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(Updated 28/03/01)

Council Cracks Down On Dog Foulers

Southampton is one of the first major cities to adopt the stringent new laws relating to littering and dog fouling. Following a big launch last August, the new initiative seems to have paid dividends, with littering and fouling noticeably reduced.

City Councillor Richard Williams, the Executive Member for Environment Transport said at the time: "The amount of rubbish and dog mess in our parks is horrific. We need to take action to make Southampton a cleaner and safer place. We are specifically targeting irresponsible citizens, and have had a huge amount of support form the community in this initiative."

Three uniformed officers are patrolling the city in a van marked with the departmental logo and use mountain bikes to gain access to parks and open spaces to be able to swoop down on offenders quickly. Fines of 25 will be issued for a first offence. But for a third offence, the individual will be taken to court with a potential fine of 1,000 for dog fouling and 2,500 for dropping litter. The City's Dog Warden also has the power to impose the penalties for dog fouling if they catch an irresponsible owner in the act.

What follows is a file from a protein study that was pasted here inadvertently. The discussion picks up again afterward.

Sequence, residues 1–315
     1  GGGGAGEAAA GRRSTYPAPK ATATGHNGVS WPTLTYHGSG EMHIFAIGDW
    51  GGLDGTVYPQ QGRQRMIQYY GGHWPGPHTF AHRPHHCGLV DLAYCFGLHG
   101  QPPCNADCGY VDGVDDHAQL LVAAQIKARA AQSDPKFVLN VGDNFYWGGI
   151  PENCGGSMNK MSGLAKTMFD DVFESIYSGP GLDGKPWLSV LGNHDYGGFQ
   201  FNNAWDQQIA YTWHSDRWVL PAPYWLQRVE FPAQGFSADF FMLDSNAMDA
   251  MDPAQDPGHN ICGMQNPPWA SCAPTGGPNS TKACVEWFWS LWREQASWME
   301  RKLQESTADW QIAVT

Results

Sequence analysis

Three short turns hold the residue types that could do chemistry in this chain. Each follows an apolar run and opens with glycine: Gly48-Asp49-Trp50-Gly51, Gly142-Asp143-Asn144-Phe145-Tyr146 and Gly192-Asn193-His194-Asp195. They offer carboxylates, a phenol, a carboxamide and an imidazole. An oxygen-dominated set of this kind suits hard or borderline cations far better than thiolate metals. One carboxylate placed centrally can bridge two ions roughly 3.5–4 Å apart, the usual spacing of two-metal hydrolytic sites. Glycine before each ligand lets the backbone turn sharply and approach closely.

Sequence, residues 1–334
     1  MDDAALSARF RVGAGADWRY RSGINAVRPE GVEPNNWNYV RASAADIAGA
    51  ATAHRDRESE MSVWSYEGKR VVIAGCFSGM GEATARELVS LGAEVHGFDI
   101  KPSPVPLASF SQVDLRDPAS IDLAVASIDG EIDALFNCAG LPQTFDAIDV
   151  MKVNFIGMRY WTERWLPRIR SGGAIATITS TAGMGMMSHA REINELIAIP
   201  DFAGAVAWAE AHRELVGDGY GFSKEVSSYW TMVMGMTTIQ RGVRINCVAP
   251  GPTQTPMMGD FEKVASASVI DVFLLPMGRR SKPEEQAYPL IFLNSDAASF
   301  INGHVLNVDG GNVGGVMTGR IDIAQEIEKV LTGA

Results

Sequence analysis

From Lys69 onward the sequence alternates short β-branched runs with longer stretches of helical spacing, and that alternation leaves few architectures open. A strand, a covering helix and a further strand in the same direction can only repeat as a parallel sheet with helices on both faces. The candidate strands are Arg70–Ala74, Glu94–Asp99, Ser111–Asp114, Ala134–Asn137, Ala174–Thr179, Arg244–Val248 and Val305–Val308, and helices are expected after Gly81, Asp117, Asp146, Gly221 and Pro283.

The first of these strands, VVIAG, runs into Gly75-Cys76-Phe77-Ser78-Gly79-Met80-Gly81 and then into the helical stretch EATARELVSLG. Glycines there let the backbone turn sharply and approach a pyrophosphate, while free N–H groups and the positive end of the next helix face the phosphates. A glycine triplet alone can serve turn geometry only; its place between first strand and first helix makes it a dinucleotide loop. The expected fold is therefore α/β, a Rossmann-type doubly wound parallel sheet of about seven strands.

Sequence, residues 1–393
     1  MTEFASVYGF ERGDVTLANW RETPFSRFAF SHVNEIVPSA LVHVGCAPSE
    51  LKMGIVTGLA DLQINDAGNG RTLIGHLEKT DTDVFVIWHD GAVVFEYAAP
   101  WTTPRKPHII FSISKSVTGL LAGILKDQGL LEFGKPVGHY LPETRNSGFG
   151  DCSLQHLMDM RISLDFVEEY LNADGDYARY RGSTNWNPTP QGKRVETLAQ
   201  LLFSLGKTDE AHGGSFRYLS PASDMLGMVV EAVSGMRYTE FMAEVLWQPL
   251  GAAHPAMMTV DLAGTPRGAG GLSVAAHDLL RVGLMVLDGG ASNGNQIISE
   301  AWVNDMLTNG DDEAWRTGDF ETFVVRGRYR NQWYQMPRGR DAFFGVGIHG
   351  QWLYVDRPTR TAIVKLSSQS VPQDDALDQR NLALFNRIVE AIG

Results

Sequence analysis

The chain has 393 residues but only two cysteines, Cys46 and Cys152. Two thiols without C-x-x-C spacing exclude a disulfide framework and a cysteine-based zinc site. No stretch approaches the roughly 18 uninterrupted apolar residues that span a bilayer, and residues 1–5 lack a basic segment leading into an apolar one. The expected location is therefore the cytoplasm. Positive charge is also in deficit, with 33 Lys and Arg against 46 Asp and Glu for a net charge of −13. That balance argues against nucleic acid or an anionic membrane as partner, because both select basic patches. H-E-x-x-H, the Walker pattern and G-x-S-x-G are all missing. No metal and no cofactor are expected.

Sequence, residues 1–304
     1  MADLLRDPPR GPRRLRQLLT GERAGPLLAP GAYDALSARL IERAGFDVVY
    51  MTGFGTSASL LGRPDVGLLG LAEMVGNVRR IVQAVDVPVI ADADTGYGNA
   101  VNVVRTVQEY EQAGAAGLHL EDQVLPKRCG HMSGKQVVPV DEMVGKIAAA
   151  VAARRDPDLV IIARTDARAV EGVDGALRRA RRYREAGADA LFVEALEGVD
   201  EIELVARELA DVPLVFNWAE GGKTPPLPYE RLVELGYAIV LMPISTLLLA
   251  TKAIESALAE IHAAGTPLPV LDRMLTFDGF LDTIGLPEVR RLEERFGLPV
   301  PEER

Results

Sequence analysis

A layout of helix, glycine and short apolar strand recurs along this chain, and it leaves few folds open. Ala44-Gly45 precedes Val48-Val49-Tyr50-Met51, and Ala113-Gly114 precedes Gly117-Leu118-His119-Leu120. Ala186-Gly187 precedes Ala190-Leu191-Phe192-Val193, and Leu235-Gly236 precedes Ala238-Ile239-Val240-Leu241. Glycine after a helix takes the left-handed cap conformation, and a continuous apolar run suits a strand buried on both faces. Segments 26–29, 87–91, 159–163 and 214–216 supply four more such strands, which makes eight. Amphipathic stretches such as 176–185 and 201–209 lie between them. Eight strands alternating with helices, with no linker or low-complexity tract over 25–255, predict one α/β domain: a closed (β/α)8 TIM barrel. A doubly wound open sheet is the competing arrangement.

The two-year pilot scheme has yielded good results in its first six months, backed by a city-wide advertising campaign. Dog Wardens and the Enforcement team have issued 90 fixed notices for dog fouling and littering offences.

Two dog owners have been prosecuted for failing to take their actions seriously.

On Friday, October 13, 2000, Adrian Cookson of Waterloo Road was walking his dog in a cemetery. He was spotted by a council officer allowing his dog to foul alongside a grave and failing to pick up after it. When challenged by the officer, Cookson simply walked away, but was traced via his car registration number plate. A fixed 25 fine was issued under the Dogs (Fouling of Land) Act 1996 but was ignored, which led to Cookson being summoned to appear in court. He failed to turn up and was found guilty in his absence and fined 200, plus 25 costs.

Friday October 13 also proved to be an unlucky day for Karen Hall when she was walking her GSD 'Major' at Riverside Park, Southampton.

In front of the Dog Warden's clearly marked van, the dog defecated and Hall made no attempt to clear up and dispose of the faeces. Although she admitted liability at the time, she gave a false address, but was traced through her car number plate.

A fixed 25 penalty was issued, which was ignored and Hall was summoned to appear in court. She was found guilty and fined 175, with 50 costs.